Archive for November, 2013

Run the DMA Marathon

It’s that time of year again, and the excitement of the Dallas PCS Marathon has arrived! Last year, the marathon races drew over 15,700 runners and 300,000 spectators. It’s expected to be bigger than ever this year, and the city of Dallas is pulling out all the stops. The Dallas Museum of Art is joining the city in welcoming runners and their friends, families, and fans alike!

As both a McDermott intern in the education department and a runner, I had the pleasure (and pain!) of gaining my Museum feet during the height of my training for the marathon. As I learned to navigate through the galleries, I discovered that the DMA has many things in common with a marathon: it’s huge, it’s inspirational, and there are lots of friendly staff members to support you along your journey. Therefore, I am thrilled to combine two of my passions–running and museums–in inviting you to embark on your very own DMA Marathon. I’ve highlighted some of my favorite artworks throughout the DMA’s galleries, hand-picked to motivate, inspire, and refuel you. So, what are you waiting for? Lace up your running shoes, and get ready to explore!

Registration: DMA Atrium
The DMA has free general admission (every day!), so you don’t need to pull out your wallet for this race. But please do hit up the Visitor Services Desk to sign up for the DMA Friends program. With your shiny new DMA Friends membership, you’ll be able to check in at various locations in the Museum and earn points toward exciting DMA rewards such as free parking, sneak peeks at new exhibitions, and exclusive Museum experiences. The Atrium is also a great place to grab a pre-race bite in the DMA Cafe, use the line-free bathrooms, and get in your stretches in front of Robert Rauschenberg’s breathtaking Skyway or Rufino Tamayo’s iconic painting El Hombre (Man).

Robert Rauschenberg, Skyway, 1964, oil and silkscreen on canvas, Dallas Museum of Art, The Roberta Coke Camp Fund, The 500, Inc., Mr. and Mrs. Mark Shepherd, Jr. and General Acquisitions Fund

Robert Rauschenberg, Skyway, 1964, oil and silkscreen on canvas, Dallas Museum of Art, The Roberta Coke Camp Fund, The 500, Inc., Mr. and Mrs. Mark Shepherd, Jr. and General Acquisitions Fund, (c) Rauschenberg Estate/Licensed by VAGA, New York, NY

Rufino Tamayo, El Hombre (Man), 1953, vinyl with pigment on panel, Dallas Museum of Art, Dallas Art Association commission, Neiman-Marcus Company Exposition Funds

Rufino Tamayo, El Hombre (Man), 1953, vinyl with pigment on panel, Dallas Museum of Art, Dallas Art Association commission, Neiman-Marcus Company Exposition Funds, (c) Estate of the artist in support of Fundacion Olga y Rufino Tamayo, A.C.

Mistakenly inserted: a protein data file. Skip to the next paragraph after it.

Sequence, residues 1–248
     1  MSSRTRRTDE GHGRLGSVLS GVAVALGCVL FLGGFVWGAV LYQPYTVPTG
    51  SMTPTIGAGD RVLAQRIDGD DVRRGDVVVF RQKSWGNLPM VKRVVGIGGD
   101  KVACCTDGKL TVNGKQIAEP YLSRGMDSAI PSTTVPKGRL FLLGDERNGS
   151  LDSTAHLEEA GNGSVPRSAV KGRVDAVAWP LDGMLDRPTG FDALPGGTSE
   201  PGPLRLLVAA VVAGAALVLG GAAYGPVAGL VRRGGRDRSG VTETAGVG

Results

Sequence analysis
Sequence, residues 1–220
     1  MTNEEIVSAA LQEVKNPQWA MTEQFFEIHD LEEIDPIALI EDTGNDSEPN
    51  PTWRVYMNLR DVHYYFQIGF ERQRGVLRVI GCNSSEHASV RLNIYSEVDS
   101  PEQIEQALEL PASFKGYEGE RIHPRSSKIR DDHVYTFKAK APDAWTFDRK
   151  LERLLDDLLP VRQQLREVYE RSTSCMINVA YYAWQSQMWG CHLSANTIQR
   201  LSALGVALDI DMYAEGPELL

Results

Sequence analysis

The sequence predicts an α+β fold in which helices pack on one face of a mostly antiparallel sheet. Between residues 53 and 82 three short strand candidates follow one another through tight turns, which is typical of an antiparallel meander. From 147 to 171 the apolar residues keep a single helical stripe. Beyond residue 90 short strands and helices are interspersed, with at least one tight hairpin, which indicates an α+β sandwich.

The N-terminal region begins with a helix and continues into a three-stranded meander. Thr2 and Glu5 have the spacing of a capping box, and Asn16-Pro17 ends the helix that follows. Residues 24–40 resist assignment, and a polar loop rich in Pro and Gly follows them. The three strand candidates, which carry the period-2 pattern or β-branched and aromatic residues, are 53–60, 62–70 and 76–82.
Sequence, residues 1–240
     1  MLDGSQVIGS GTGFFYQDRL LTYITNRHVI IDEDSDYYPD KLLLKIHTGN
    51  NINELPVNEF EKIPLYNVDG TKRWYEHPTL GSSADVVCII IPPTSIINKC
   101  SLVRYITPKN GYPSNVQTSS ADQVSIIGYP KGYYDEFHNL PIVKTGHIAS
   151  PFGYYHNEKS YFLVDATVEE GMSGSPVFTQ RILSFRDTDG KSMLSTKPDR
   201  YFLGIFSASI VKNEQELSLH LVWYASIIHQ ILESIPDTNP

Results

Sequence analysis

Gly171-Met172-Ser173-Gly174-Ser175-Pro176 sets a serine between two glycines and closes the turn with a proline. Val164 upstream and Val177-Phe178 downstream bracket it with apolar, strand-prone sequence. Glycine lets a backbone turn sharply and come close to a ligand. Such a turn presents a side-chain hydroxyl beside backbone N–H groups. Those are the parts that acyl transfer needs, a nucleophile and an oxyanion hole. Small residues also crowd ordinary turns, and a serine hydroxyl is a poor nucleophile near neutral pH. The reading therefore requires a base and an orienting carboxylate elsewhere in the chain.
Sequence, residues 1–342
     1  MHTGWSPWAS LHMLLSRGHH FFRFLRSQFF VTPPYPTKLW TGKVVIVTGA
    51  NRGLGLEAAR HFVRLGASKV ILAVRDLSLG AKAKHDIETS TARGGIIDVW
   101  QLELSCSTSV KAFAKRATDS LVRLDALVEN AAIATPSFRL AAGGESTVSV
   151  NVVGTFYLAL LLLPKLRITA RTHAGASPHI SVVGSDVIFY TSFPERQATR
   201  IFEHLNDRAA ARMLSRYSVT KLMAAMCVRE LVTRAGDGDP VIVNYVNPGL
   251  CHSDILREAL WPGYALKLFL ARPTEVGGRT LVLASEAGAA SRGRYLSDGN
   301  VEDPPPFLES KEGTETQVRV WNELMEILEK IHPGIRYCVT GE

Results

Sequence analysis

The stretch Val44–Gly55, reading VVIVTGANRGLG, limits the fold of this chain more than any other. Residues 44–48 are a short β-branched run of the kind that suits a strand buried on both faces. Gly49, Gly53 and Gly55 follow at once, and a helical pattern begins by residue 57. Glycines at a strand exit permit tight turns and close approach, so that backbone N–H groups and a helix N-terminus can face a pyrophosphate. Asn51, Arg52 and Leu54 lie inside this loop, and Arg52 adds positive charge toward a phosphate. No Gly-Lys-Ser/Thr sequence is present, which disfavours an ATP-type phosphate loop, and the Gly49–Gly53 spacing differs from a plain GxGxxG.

Resist Temptation and Find Your Pace: Level 4: Ancient American Art and American Art
The starting gun goes off and you head up the stairs to Level 4, where you will come face to face with Tlaloc, the DMA’s rain god. But no need to worry about rain inside the Museum, Tlaloc was also a war god and will send you off with blessings of stamina and power!

Head of the rain god Tlaloc, Mixtec, Late Postclassic period, c. 1300-1500, ceramic, tufa, stucco, and paint, Dallas Museum of Art, gift of Mr. and Mrs. Stanley Marcus in memory of Mary Freiberg

Head of the rain god Tlaloc, Mixtec, Late Postclassic period, c. 1300-1500, ceramic, tufa, stucco, and paint, Dallas Museum of Art, gift of Mr. and Mrs. Stanley Marcus in memory of Mary Freiberg

As you make your way by Crawford Riddle’s bedstead, deemed “The Big Bed” by our younger visitors, try not to be distracted with thoughts of putting your feet up so early in the race. You’ve worked hard to prepare for this moment, and this bed should serve as a reminder that some well-deserved relaxation awaits you at the end of this journey!

Crawford Riddell, Bed, c. 1844, Brazilian rosewood, tulip poplar, and yellow pine, Dallas Museum of Art, gift of three anonymous donors, Friends of the Decorative Arts Fund, General Acquisitions Fund, Discretionary Decorative Arts Fund, and the Boshell Family Foundation

Bedstead, Crawford Riddell, c. 1844, Brazilian rosewood, tulip poplar, and yellow pine, Dallas Museum of Art, gift of three anonymous donors, Friends of the Decorative Arts Fund, General Acquisitions Fund, Discretionary Decorative Arts Fund, and the Boshell Family Foundation

Also, I know how easy it is to let the excitement of the race throw off your timing. Gerald Murphy’s Watch is a great reminder to check your pace and adjust your gallery viewing speed if necessary.

Gerald Murphy, Watch, 1925, oil on canvas, Dallas Museum of Art, Foundation for the Arts Collection, gift of the artist

Gerald Murphy, Watch, 1925, oil on canvas, Dallas Museum of Art, Foundation for the Arts Collection, gift of the artist, (c) Estate of Honoria Murphy Donnelly

Dodge Obstacles and Find Inspiration: Level 3: Arts of Africa, Asia, and the Pacific, The Wendy and Emery Reves Collection